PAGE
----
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Commission OKs rezoning for more multi-family units

The Medford planning commission on Monday night approved rezoning a parcel of land near Taylor St. owned by Corlas and Ardis Meier to allow for the construction of three duplexes.

The property was previously zoned R2 which allowed for one and two family homes. However, plans to build multiple duplexes on the parcel required it to be zoned R3, multifamily residential use.

During the public hearing on the request held at the start of the commission meeting, a resident questioned the road access. Currently all the road traffic will be coming off of Taylor Street.

The resident also asked about the intent of developing the property for housing and if it was going to be for active seniors or if it would turn into low income housing.

Ardis Meier noted that she has lived See COMMISSION on page 11 next door to a 5-plex apartment for many years and found them to be excellent neighbors. She explained that their goal was looking at appealing to active seniors or young people starting out. She explained that the units will only have two bedrooms each to give context to what they are attempting to develop there.

Residents also questioned how the change in zoning could impact the assessment or value of homes of nearby property owners.

City planner Bob Christensen said that the value of a property will be determined be the assessor, however he was doubtful it would change as a result of the zoning change. “Do I think it will have an impact, probably not,” Christensen said.

Residents also expressed concern about the wooded lot and if all the trees will be removed. “They are interested in making the trees part of the lots,” Ardis Meier said.

It was noted by city coordinator Joe Harris that the Meiers could currently put two duplexes on the property without the zoning change, it was the plan to put a third that required the change to R3. He also explained that the concept is to go with a courtyard type approach and not remove more trees than necessary.

A question was raised about stormwater runoff from the buildings and how that would be handled and if it would flow to the north or south.

Christensen said that at this point the plans are conceptual and that no formal stormwater map had been submitted. He said he would see the water going north toward Taylor Street. “It would be up to the builder to come up with a stormwater plan,” Christensen said.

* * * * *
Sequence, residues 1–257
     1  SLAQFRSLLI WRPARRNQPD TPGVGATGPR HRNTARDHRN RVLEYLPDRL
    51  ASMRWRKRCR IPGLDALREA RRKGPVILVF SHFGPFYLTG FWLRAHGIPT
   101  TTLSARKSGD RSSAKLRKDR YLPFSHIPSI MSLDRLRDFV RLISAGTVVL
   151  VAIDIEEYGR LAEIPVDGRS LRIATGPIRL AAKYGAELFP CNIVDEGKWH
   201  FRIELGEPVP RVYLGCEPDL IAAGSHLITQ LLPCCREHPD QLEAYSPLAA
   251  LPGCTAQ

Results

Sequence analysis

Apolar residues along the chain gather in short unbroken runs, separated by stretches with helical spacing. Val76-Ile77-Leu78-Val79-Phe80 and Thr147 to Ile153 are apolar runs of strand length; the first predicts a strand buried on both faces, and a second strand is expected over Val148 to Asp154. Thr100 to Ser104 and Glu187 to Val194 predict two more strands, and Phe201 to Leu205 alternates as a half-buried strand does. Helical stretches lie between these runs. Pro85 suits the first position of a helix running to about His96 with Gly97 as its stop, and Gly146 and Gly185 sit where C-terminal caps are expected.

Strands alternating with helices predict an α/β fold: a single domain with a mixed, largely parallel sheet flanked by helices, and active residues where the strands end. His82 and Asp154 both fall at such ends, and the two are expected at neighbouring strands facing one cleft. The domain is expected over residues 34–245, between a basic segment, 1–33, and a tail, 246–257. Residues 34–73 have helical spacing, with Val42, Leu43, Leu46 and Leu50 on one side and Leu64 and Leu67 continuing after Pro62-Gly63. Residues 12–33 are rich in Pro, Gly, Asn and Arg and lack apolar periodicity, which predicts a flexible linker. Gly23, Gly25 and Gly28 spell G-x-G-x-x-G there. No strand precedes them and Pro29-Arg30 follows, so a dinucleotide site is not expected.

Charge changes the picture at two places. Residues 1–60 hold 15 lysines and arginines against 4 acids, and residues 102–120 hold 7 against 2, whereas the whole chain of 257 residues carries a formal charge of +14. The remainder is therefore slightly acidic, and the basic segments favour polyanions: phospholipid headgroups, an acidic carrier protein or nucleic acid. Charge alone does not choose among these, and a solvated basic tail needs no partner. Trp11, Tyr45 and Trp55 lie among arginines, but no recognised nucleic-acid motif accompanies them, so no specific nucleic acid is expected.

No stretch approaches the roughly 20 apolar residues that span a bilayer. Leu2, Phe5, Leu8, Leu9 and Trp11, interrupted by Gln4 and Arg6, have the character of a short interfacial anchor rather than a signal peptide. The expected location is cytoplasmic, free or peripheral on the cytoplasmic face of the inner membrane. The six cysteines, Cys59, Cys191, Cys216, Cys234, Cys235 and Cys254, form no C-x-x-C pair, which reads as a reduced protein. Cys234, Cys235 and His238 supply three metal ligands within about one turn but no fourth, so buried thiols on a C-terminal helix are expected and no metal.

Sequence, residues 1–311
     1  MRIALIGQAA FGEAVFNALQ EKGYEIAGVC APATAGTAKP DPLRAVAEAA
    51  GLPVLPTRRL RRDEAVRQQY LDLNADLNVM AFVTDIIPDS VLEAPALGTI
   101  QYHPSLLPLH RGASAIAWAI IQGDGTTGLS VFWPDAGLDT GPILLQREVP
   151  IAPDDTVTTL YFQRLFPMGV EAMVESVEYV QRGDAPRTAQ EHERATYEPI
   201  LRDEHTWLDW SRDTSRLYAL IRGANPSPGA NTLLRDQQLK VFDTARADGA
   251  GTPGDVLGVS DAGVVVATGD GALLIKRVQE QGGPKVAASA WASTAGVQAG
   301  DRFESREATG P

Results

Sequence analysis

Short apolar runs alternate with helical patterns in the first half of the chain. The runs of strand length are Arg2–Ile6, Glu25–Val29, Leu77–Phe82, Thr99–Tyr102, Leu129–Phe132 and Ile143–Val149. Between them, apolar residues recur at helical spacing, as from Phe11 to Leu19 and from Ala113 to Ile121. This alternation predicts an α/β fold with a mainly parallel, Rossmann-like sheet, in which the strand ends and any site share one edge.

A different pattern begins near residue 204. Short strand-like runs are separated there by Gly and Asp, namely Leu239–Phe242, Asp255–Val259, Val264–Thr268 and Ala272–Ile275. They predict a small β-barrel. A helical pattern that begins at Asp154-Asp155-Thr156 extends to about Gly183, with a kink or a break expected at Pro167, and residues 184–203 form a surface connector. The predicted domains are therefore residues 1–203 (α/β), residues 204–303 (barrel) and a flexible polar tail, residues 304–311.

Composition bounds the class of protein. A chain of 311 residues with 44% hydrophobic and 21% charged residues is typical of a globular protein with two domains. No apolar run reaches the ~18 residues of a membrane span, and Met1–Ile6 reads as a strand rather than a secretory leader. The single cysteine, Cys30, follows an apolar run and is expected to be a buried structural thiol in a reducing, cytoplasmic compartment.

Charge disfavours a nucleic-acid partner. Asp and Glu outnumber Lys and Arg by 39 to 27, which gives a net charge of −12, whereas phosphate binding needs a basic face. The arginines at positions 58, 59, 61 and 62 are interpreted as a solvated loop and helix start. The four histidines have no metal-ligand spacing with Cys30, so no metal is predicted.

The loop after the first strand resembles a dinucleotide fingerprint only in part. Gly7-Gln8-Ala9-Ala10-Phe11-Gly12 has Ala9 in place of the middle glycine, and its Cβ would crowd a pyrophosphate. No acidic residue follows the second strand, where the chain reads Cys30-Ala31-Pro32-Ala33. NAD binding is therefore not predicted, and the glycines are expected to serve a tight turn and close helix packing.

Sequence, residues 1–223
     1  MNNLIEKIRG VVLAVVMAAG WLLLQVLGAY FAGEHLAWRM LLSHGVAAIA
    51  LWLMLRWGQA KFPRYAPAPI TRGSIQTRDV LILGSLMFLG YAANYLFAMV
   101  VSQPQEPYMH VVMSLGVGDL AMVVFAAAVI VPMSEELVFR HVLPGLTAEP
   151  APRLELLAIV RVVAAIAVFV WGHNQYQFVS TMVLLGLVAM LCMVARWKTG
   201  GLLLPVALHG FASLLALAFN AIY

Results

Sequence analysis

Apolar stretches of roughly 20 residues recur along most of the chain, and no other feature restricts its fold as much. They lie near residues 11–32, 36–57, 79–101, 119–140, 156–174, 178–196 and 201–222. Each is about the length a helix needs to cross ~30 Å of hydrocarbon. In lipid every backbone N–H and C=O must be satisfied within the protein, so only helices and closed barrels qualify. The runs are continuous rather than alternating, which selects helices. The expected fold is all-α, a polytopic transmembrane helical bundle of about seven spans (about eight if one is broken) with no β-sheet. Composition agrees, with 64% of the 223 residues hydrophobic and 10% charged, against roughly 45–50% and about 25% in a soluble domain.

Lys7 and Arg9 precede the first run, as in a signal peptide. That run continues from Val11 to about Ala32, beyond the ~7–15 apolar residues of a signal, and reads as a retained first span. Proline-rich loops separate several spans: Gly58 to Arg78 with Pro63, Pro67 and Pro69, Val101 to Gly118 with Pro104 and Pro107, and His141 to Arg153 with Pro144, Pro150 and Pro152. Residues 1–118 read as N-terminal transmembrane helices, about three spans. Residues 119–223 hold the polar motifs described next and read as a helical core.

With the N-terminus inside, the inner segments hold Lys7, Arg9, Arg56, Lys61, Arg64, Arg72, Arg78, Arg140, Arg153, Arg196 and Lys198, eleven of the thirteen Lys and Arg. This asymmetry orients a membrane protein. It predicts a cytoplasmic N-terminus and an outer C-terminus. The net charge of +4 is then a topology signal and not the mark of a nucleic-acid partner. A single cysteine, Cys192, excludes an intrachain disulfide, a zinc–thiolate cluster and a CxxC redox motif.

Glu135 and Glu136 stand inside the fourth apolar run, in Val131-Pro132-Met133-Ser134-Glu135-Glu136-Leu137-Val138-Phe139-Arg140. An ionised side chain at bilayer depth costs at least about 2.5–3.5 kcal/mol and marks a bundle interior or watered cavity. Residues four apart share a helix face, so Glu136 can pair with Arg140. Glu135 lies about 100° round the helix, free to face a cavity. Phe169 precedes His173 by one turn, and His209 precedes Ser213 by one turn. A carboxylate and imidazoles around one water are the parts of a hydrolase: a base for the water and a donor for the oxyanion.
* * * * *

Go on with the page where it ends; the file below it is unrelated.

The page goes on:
During the planning commission meeting, commission member Dave Zimmerman asked if the property was considered a planned unit subdivision and if each structure would have to meet the same setbacks as if they were on separate parcels.

Christensen said it is too small of a development for a planned unit and said each structure would have to abide by the zoning setback rules.

It was also questioned if the duplexes could be sold off separately in the future. Christensen said that the two lots are being combined into one parcel and that it would take changing the zoning classifications to being condominiums to allow them to be sold separately.

Commission members unanimously approved the zoning change. It will now go to the full city council for final approval. Under state law it would take a two-thirds majority of the city council to go against the commission recommendation for the recommended zoning change to not be adopted.

Commission members also approved, on a unanimous vote, a zoning change from C-1 commercial to R-1 residential for a residential lot that will be facing Emmerich Dr. The lot would combine an existing parcel with the northern portion of the lot that In Stitches and Ink is located on to create one lot that would be used to put a single family home facing Emmerich Dr.

Following the vote on accepting the zoning change, there was discussion on how the planned home would be placed on the lot.

Christensen said because the platted roadway has a larger angle to it, it would potentially impact the setback for where Olson wants to built the home making it less than what the codes required. However, the road as built does not have as great an angle which would make the setback difference negligible to someone seeing it.

Christensen said that the discussion on it at this time was to see if there was strong opposition to the plan, and without opposition Olson will bring back a formal site plan for how he wants the home to be placed.


Commission members also addressed two annexation requests, both of which cleaned up mistakes or oversights done in the past.

The first was from Andrea and Dale Neubauer who have Neubauer Plumbing office at 1190 S. 8th St. They have purchased the parcel and it was discovered that there was a 1,588 square foot narrow triangle of town parcel running under their existing building. The Neubauer’s purchased the wedge of property from Cassandra and Russ Jablonsky and asked for it to be annexed into the city. Commission members agreed to it and it goes to the city council for final approval later this month.

The other annexation request was for a portion of dedicated road right of way for a planned town of Medford road south of E. Conrad Dr. that was never built. The road was vacated by the town in 2005. While other portions of the mapped road had been annexed as part of adjoining parcels, the property owned by Dustin and Melanie Heier had been missed and it was only during a revaluation of the town of Medford that the parcel was discovered as a town island. The annexation cleans up the boundary to eliminate the town island. It was approved unanimously and will go to the city council for final action.